• Golden Globe Awards

Golden Globe Awards: 80 Years in 80 Days

In 1943, the year the Golden Globe Awards were conceived, the globe was anything but golden. In fact, the world was on fire.
Battles of World War II raged in Sicily and on the Solomon Islands, in the desert heat of North Africa and the frozen hills of Stalingrad. In India, three million died from the war-induced Bengal famine. In Hamburg, Germany, a single bomb raid killed nearly 40,000 civilians, and many burned alive. There were torpedo-spouting U-boats in the Atlantic, and suicide rockets in the Pacific.
Over 90 countries were directly part of the maddening violence. Between 70 and 85 million human beings perished, between battle and fallout from the sprawling war.
Surviving populations suffered too, grappling with the loss of loved ones, trauma, fear, displacement, and shortages of basic needs.
And there was starvation of a different kind. All over the globe, people were hungry for hope, distraction, uplift.
Frank Sinatra got his start and crooned his way into the hearts of millions. Benny Goodman, with an assist from Helen Forrest, was “Taking a Chance on Love.” On Broadway, “Oklahoma” left its mark.
Hollywood, meanwhile, did what it does best: offer dreams, a time-out from reality, and a two-hour therapy session for a few nickels. No wonder Heaven Can Wait was pure heaven, and Lassie Come Home felt like exactly what was needed, serving up a brief feeling that all might end well.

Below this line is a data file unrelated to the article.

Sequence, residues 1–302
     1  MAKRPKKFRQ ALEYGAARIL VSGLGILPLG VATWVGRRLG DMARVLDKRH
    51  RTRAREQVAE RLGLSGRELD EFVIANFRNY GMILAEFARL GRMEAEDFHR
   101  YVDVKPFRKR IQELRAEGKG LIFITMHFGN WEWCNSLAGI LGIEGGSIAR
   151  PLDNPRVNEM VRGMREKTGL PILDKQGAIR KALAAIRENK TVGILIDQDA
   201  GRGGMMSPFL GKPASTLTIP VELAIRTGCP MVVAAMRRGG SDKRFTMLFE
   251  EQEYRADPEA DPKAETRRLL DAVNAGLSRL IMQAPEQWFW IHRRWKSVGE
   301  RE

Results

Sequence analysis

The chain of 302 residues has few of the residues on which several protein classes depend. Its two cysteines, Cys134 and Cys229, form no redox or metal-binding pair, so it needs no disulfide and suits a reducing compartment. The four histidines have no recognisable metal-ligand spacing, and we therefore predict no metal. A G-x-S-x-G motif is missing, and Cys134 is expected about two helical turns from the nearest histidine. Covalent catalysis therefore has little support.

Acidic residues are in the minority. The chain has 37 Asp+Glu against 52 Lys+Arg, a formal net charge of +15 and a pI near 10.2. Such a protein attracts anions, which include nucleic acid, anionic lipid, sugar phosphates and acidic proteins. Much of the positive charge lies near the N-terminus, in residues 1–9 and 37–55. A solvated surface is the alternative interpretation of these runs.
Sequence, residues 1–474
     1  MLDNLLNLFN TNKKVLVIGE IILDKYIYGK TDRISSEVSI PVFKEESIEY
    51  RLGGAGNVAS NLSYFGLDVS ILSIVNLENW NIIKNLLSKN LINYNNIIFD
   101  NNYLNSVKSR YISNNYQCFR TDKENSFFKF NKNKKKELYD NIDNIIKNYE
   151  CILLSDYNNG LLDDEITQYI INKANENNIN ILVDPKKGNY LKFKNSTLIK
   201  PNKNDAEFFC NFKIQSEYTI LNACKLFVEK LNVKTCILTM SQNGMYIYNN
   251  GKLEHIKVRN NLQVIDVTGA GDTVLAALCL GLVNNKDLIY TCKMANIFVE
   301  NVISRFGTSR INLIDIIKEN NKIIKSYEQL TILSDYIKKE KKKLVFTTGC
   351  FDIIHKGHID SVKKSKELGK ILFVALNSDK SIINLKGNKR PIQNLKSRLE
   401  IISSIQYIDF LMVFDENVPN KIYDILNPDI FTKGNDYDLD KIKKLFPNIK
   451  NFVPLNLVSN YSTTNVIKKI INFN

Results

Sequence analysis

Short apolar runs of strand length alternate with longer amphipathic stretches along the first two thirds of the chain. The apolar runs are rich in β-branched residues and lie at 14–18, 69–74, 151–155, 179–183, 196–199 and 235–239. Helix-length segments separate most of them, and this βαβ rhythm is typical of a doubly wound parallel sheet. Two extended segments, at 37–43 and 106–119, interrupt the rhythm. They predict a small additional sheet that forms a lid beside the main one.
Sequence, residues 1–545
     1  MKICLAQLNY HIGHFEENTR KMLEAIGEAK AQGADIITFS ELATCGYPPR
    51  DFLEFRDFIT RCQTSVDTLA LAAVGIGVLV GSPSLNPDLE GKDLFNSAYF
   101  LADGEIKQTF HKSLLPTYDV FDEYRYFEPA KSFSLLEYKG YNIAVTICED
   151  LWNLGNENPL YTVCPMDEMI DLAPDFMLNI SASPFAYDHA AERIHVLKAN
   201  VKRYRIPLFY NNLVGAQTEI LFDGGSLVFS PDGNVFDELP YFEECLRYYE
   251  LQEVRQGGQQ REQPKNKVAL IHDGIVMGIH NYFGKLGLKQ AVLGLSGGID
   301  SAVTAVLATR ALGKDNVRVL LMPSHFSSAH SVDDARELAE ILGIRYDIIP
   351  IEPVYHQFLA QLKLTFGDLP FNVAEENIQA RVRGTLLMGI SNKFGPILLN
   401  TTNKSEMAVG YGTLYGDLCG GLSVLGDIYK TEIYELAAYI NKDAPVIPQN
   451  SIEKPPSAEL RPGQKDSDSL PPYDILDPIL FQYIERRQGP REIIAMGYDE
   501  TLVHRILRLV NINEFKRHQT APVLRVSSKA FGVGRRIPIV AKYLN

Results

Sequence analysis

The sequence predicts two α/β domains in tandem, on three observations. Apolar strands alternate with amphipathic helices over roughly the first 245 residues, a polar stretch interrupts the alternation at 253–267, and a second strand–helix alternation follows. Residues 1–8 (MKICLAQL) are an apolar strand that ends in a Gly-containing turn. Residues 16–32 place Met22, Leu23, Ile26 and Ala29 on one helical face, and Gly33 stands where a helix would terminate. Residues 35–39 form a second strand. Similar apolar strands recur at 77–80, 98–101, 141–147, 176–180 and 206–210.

Because the world was at stake. Distress was global, and so was the need for relief, fantasy, and laughter. Hollywood’s remedies could travel far and wide, beyond national borders.
International newspapers, the undisputed media champions in a world without satellites, internet, or TV, demanded stories about those who crafted these great escapes. Many papers employed correspondents in Los Angeles, who tried to get access to the stars of the day.
But individual attempts were often fruitless since powerful publicists deemed talent time extremely precious — often too precious for just one outlet. It was inevitable, then, that some reporters drew the only reasonable conclusion: let’s unite.
In 1943 the Hollywood Foreign Correspondents Association (HFCA) was founded and with it an award that became one of the most famous and prestigious in Hollywood: the Golden Globes.
That was 80 years ago. Now we are celebrating those remarkable decades — from the smoke-filled meeting rooms of the pioneers in 1943 all the way up to the glamorous gala on January 10, 2023.
Eighty years in 80 days: Starting tomorrow, we will dedicate one day to each year, bringing you one event, snippet, and memorable moment.
We hope that this countdown both reflects our global viewpoints and our commitment to diversity and inclusivity, while additionally demonstrating the legacy and importance of the Golden Globe Awards as an indispensable part of Hollywood’s living history. Most of all, we hope you will enjoy the daily read!